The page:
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Beyond Vocabulary – Playing with Words through Ambigrams.

March 7, 2011

The first time I came in contact with ambigrams, it was in a book called Wordplay:  the Philosophy, Art, and Science of Ambigrams by John Langdon. Let me be frank: I do sometimes judge books by their covers, even if only to such an extent as to decide whether I want to read the back text to see what it is all about.  But in the instance of this book, I was just amazed to see the word Wordplay reading exactly the same when I turned the book upside down…

Now this immediately intrigued me because of two reasons.  Firstly, I’ve heard of palindromes, notably that little sentence A man, a plan, a canal: Panama  or a word like rotator which reads exactly the same in both directions.  Ambigrams is, therefore, merely a graphical way of the same concept.  Secondly, I lecture in geology and teaching crystallographic symmetry elements is part of my course.  A snow-flake, for instance, will repeat the exact same view six times per revolution (think of a six-sided star or an asterisk * – that basically mimics a snow-flake).

I obviously immediately bought the book and read and reread it so many times I probably know it by heart.  So amazing is this book, that Dan Brown named his main character in Da Vinci Code and Angels & Demons after commissioning this author – Langdon – to create ambigrams for his two bestsellers.  I’m sure anyone who read these books, saw their covers, or watched the films will remember the beautiful word art!  He starts off his book simply stating “The first time I saw the yin and yang symbol was one of those moments that became permanent mental photographs.”  This is two-fold symmetry (i.e. repeating twice per revolution or every 180°) at its purest, and is completely on par with the unity in yoga: two apparently opposite aspects, yet so entwined and one that it cannot be separated.

In writing, one represents a word which conveys a specific (and obvious) meaning.  But when one converts this into an ambigram – or a glyph, calligraphy, mandala – it becomes almost meditative.  You ponder the meaning; you enhance it to almost lift it above mere vocabulary.  It is the mandala of Western writing where phonetics so often trumps meaning.  Through ambigrams (or any of the other word-art forms), one combines visual and auditory stimulation to something which induces a state nearer to pratyhara than wilfully closing the senses.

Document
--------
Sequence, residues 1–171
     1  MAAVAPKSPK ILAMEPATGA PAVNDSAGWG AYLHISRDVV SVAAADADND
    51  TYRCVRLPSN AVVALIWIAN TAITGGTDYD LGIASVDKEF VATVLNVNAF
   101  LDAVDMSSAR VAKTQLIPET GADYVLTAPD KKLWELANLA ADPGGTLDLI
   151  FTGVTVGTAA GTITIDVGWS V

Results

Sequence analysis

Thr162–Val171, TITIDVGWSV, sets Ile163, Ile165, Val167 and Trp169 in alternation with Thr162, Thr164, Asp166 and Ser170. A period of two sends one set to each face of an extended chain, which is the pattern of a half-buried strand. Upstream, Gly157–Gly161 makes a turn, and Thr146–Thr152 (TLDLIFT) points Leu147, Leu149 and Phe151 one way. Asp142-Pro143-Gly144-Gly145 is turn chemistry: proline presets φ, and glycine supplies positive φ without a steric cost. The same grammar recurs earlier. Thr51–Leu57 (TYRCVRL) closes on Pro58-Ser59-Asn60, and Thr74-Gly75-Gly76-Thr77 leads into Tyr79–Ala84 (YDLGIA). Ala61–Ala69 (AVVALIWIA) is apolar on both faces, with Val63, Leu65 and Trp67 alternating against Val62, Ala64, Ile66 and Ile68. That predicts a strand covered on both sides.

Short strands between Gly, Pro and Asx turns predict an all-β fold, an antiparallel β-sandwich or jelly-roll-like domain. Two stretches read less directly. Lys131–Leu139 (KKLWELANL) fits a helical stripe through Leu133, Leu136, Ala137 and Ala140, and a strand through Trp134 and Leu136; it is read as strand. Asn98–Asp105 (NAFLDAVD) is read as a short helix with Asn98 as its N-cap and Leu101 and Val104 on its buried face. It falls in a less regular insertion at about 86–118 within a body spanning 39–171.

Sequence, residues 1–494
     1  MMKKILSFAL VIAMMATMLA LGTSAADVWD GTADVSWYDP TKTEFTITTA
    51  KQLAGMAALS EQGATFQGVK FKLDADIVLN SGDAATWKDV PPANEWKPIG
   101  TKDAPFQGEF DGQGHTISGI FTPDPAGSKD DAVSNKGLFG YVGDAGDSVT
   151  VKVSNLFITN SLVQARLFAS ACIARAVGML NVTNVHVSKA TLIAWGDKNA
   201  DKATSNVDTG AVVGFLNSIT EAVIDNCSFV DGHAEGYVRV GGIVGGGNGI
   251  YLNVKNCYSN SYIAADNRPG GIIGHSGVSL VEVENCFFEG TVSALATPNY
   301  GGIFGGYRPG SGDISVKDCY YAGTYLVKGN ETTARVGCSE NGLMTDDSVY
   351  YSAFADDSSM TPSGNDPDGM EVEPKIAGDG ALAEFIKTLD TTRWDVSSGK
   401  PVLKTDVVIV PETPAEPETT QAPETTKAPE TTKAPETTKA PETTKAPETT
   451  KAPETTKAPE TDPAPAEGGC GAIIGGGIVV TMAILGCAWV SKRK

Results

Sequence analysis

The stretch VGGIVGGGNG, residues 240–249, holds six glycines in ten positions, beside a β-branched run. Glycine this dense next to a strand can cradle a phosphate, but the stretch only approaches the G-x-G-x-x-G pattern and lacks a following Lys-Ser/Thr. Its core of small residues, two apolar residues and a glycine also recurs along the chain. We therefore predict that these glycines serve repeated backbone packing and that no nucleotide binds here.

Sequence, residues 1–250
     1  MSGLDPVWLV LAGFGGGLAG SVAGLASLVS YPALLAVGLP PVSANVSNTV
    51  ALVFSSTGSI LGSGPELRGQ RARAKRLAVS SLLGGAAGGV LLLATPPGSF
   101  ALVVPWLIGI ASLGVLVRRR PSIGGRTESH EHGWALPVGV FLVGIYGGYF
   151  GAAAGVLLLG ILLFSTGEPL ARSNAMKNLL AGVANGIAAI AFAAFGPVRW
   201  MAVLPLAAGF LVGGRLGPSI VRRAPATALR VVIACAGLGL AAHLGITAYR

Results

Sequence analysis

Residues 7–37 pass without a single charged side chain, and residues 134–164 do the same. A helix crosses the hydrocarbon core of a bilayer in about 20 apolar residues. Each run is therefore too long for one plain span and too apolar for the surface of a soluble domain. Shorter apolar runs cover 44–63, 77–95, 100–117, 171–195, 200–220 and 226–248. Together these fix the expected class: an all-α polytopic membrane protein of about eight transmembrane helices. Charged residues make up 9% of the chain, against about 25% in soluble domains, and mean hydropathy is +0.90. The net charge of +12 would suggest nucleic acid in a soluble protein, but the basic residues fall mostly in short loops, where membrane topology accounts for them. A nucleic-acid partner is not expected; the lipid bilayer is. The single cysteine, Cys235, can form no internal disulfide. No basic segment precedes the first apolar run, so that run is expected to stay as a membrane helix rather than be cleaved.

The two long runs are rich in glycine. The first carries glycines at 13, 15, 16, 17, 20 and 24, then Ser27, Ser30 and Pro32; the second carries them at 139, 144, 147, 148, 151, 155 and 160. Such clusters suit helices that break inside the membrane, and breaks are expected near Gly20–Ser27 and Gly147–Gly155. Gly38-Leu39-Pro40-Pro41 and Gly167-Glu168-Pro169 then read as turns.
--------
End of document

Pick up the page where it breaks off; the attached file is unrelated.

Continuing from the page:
Ambigrams also represent a certain honesty.  Being able to rotate or mirror a word or phrase and seeing the exact same word or phrase: that suggests that whichever way you look at something or however you wish to interpret something, it should never change into being something else.  It should take pride in being the same, irrespective of perception, perspective or interpretation.

I opted for the eight limbs in ambigram form in the two-fold symmetry style (i.e. turning it upside-down).  One always strives to move up from Yama to Samadhi or to jump randomly between limbs where we feel comfortable, but one should always be willing to turn everything upside down and see exactly the same process unfolding.  One should be willing to return to your roots or your point of origin and still be content and satisfied with retaining and sustaining those more basic needs.

Every now and then, I consciously try to view life from the other side.  And I honestly hope to see the projection of the life I’m living – without deception, secrets, prejudice, hypocrisy or illusion.  For me, this is the road to truth and comprehension.


 Matthys Dippenaar (Yoga Revolution, Pretoria) | |

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